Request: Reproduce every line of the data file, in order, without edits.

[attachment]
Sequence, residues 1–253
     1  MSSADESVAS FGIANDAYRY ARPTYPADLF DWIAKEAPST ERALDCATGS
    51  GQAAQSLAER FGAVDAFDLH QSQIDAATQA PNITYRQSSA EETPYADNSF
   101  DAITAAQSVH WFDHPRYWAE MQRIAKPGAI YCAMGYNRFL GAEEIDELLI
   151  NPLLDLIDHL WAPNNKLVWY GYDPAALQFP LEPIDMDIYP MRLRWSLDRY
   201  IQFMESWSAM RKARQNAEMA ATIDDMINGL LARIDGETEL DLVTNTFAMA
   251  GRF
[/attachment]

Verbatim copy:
Sequence, residues 1–253
     1  MSSADESVAS FGIANDAYRY ARPTYPADLF DWIAKEAPST ERALDCATGS
    51  GQAAQSLAER FGAVDAFDLH QSQIDAATQA PNITYRQSSA EETPYADNSF
   101  DAITAAQSVH WFDHPRYWAE MQRIAKPGAI YCAMGYNRFL GAEEIDELLI
   151  NPLLDLIDHL WAPNNKLVWY GYDPAALQFP LEPIDMDIYP MRLRWSLDRY
   201  IQFMESWSAM RKARQNAEMA ATIDDMINGL LARIDGETEL DLVTNTFAMA
   251  GRF